Medicine’s ‘hospitality’ birthed in Christianity
The hospital, as an institution, burst suddenly onto the scene in the fourth century. It came as if out of nowhere, and in a half-century it was everywhere.
Pagan antiquity had had all the material ingredients for such an institution. The Greeks and Romans had doctors. There was ample demand for medical treatment. And yet neither Greeks nor Romans — nor Chaldeans, nor Egyptians, nor Persians — had ever produced a hospital.
The foremost expert on the early history of hospitals, Dr. Gary Ferngren of Oregon State University, states this emphatically: “The hospital was, in conception, a distinctively Christian institution, rooted in concepts of charity and philanthropy. There were no pre-Christian institutions in the ancient world that served the purpose that Christian hospitals were created to serve.”
In classical antiquity, there were many professionals in the healing arts. The medical field was a riot of different types of practitioner: herbalists, soothsayers, magicians, folk healers, as well as those who practiced Hippocratic or “empirical” medicine. There were no certification boards. There were no medical schools to grant diplomas. Healers usually underwent an apprenticeship with someone more experienced.
Many practitioners in antiquity made their living wandering from town to town, perhaps outrunning the public response to their latest failures. Some crossed continents in the course of their careers. Their clientele consisted of those who could pay.
These wandering doctors had no roots, no local loyalties, no lasting accountability. There was no institutional form available to them. Yet there was great demand for medical care. Pain, sickness, and discomfort are characteristic of the human condition since the Fall of Adam. And those who suffered went looking, sometimes desperately, for relief.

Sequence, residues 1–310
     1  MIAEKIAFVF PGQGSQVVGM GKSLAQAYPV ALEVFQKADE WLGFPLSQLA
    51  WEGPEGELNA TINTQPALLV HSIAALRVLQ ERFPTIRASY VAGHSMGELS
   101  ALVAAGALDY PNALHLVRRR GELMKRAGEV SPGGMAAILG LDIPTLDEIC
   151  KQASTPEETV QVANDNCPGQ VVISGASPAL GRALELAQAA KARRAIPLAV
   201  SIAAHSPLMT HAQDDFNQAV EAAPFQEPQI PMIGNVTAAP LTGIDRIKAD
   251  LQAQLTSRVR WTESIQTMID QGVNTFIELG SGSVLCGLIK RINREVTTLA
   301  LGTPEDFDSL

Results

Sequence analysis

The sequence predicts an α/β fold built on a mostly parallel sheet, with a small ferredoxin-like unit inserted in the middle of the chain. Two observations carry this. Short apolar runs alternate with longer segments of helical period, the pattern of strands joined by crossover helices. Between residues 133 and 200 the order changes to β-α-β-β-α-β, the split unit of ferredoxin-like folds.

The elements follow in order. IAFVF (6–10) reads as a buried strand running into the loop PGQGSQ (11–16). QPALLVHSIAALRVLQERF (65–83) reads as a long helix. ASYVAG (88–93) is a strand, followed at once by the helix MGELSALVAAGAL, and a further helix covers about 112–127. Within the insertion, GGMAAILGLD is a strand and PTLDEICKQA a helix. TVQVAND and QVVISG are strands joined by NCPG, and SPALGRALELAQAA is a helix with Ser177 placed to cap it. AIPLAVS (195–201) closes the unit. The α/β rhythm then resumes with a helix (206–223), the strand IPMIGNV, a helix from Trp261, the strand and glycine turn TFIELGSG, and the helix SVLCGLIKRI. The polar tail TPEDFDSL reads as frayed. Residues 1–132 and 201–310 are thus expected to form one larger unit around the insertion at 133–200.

We see something interesting happen in the early Christian centuries. We know, from documentary and archeological evidence, that doctors made up an unusually large portion of the early Church. In fact, they are represented more than any other professional group. Christianity was soon known as a source of healing in the world.
Christian doctors were different from their pagan colleagues. They would take no part in abortion, assisted suicide, cosmetic castration, or infanticide — all of which were common in ancient times. Nor would they prescribe contraceptive drugs.
But that’s not all they refused to do. They also refused to turn patients away.
When a smallpox plague hit the empire in 250 A.D., many doctors fled the cities. In its deadliest phase, the disease killed thousands of people per day in Rome alone — and raged intermittently for at least 20 years.
Christian doctors didn’t flee. They stayed and tended the sick. St. Cyprian exhorted his congregation in Africa to care not only for fellow Christians, but for their pagan persecutors as well.
It was probably then that the idea of the hospital first emerged — when house churches were offered in “hospitality” to the sick who had been abandoned.
When another plague struck, 70 years later, Christians everywhere knew how to respond. The churches became refuges, where the sick could find food and care. It was the only care available to them.
Shortly afterward, Christianity was legalized, and hospitals appeared everywhere. No city could be without one. Some cities had a halfdozen. Soon, most cities also had forms of ambulance service.
Once established, Christian hospitals became de facto research institutions — where professionals could observe the way illnesses progressed in multiple patients.
The hospital could not have happened without Christianity. Pagan societies had the material resources to invent it. But they lacked the spiritual resources. They lacked a belief in charity — self-giving love — as a share in the life of God. They lacked the belief in human dignity and universal brotherhood. They were unaware of the divine command to heal and show hospitality to friends and strangers alike, and even to enemies.
The hospital did not arise in a pre-Christian world. We should wonder, then, whether it can survive long in a post-Christian world.
MIKE AQUILINA is the author of The Healing Imperative: The Early Church and the Invention of Medicine as We Know It. He has written more than 50 books on Catholic history, doctrine, and devotion. He has hosted 10 series on EWTN Television, and appears weekly on Sirius Radio’s “Sonrise Morning Show.”